In some cases, to improve the diagnostic ability of the CT scan, a contrast agent is to be used, which, depending on the case and the purpose of the investigation, will have to be taken by mouth (liquid) or injected into a vein or inserted into the rectum, a few minutes before lying down on the instrument bed.

When needed

Now widely used in clinical practice, CT scanning is considered a Level 2 evaluation, to be used when other simpler, cheaper, and harmless techniques do not allow to specify the diagnosis with a sufficient degree of accuracy and in planning interventional procedures.

One of the main reasons for limiting the use of CT scans relates to the fact that the proportion of ionizing radiation administered during the examination, while not harmful when considering a single evaluation, is not negligible (amounting to about 30 times that used in performing X-rays), and the accumulation of the effects of X-rays administered in numerous subsequent CT scans, even years apart, could damage the body’s tissues and promote the development of fibrosis or tumors.

The main indications for performing CT include:

  • Diagnosis of muscle and bone diseases, such as sarcomas, bone tumors, and complex fractures;
  • Clarification of the location (and relationship to neighboring tissues/organs) of a tumor, site of infection, or blood clot (thrombus);
  • Planning for an invasive procedure such as a delicate surgery or biopsy;
  • Accurate identification of the area where a tumor is present to be treated with radiation therapy;
  • Detection and monitoring of tumors, heart disease (coronary angiography with CT), lung nodules, and liver masses;
  • Evaluation of the effectiveness of specific therapies, particularly cancer therapies;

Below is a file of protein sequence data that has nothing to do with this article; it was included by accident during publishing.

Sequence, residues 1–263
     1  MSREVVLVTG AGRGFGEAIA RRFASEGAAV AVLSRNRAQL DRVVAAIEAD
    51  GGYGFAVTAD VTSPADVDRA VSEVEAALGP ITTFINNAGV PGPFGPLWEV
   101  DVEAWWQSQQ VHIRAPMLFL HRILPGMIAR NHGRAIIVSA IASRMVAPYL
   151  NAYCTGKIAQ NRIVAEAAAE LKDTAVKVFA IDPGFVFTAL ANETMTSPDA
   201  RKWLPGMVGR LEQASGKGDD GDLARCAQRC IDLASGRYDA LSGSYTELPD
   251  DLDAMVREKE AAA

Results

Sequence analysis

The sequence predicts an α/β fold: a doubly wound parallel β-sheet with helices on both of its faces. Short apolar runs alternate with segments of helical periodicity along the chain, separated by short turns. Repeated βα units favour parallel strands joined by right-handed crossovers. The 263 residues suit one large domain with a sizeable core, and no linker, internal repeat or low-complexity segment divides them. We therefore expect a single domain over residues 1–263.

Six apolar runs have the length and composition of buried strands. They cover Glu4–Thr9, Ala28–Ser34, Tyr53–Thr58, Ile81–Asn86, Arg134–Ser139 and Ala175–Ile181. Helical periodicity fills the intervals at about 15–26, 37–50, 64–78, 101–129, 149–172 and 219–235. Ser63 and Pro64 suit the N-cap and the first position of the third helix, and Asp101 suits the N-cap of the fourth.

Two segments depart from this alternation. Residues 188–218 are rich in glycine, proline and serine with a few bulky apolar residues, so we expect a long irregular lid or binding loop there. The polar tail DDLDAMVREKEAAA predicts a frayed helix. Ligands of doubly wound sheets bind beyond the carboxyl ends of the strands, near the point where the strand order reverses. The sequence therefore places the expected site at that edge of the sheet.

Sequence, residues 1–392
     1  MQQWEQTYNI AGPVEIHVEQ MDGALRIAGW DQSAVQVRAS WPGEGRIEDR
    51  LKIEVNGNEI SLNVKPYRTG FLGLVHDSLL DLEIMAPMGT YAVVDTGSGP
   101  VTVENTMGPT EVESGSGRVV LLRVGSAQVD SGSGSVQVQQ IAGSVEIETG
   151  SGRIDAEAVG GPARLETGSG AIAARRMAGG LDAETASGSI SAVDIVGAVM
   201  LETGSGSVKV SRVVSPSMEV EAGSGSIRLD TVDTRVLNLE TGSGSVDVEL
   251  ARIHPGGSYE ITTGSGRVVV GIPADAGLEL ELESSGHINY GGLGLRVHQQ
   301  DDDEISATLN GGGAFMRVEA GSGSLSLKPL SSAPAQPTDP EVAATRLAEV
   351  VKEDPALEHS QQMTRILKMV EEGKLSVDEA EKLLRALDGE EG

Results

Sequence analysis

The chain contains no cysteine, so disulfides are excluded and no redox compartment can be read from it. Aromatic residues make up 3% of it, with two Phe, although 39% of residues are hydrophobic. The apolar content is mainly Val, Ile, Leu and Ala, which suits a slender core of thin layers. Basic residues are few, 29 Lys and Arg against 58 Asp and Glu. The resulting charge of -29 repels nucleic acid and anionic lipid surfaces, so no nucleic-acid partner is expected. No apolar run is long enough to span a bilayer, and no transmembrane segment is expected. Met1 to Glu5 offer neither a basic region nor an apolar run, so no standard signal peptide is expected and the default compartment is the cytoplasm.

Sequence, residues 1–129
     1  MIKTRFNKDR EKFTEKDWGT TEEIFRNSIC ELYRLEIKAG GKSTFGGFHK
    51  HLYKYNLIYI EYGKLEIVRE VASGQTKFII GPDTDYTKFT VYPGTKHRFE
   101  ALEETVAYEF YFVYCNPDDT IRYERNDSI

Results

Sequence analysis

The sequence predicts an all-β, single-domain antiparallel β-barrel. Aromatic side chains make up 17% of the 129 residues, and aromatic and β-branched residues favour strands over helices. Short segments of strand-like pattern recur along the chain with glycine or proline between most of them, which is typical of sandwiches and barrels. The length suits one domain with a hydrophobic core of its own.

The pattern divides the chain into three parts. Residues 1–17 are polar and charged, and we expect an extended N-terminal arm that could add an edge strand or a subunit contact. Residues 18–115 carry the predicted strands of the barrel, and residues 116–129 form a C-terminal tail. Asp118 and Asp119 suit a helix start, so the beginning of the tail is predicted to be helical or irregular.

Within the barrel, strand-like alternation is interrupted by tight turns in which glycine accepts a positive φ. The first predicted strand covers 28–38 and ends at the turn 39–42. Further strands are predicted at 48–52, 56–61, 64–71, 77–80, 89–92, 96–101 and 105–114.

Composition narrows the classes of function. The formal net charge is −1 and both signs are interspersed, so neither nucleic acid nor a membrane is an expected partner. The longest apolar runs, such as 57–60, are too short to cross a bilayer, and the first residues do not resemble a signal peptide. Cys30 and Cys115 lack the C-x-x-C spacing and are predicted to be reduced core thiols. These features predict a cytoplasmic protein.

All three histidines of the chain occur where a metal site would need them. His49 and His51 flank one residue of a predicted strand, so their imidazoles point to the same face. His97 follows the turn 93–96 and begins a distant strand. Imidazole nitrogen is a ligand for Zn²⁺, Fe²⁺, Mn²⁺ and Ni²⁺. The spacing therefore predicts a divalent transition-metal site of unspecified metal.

• Accurate detection and localization of injuries and bleeding to internal organs.

Special Warnings

By itself, CT scan has no particular contraindications. However, in view of the use of ionizing radiation, it is important for women of childbearing age to be certain that they are not pregnant at the time the examination is performed. Conversely, although the radiation dose used is not likely to harm the fetus, if possible, it is preferable to postpone the evaluation or opt for an alternative diagnostic method (ultrasound or MRI).

The contrast medium used for CT scanning is generally harmless, but some people may develop hypersensitivity reactions (with onset of itching and skin rash) or true allergies: if you have had such experiences in previous examinations with contrast medium (even other than CT) or you are intolerant or allergic to particular drugs, it is important to inform your health care provider already while scheduling your CT appointment.


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Heart failure (acute)

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Increased pressure within the head box may be related to cerebral edema or the presence of an intracranial expansive lesion, an obstruction of CSF circulation, or the association of these

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The echocardiogram, also known as echocardiography, is a diagnostic imaging technique based on the use of ultrasound, which is quick and easy to perform, harmless, painless, and low-cost, and because